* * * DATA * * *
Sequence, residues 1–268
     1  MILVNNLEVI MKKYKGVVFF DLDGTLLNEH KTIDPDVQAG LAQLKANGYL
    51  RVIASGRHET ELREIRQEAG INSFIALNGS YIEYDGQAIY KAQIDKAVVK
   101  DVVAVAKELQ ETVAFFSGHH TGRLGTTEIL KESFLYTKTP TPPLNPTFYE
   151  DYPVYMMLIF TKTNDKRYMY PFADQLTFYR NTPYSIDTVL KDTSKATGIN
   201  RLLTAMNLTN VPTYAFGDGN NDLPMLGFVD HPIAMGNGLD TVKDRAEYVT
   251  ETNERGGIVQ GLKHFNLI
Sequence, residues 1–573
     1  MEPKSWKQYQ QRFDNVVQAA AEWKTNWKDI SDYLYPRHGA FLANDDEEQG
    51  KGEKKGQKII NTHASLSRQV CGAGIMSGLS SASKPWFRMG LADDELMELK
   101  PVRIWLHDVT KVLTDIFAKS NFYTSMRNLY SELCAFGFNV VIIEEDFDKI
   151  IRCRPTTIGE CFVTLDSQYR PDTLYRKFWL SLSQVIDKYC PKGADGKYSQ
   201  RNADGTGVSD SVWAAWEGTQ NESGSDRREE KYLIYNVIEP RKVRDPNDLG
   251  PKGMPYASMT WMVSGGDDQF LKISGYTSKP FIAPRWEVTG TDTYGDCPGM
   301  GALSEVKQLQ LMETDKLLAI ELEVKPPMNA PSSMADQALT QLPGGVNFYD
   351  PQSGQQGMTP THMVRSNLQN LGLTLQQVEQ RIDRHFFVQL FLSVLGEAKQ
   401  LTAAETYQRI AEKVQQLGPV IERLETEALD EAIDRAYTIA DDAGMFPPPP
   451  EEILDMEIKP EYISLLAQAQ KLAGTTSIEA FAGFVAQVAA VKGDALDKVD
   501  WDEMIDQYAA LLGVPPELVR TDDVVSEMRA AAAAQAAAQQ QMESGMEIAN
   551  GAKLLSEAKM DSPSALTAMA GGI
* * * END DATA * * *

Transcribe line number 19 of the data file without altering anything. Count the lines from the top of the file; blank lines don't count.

   501  WDEMIDQYAA LLGVPPELVR TDDVVSEMRA AAAAQAAAQQ QMESGMEIAN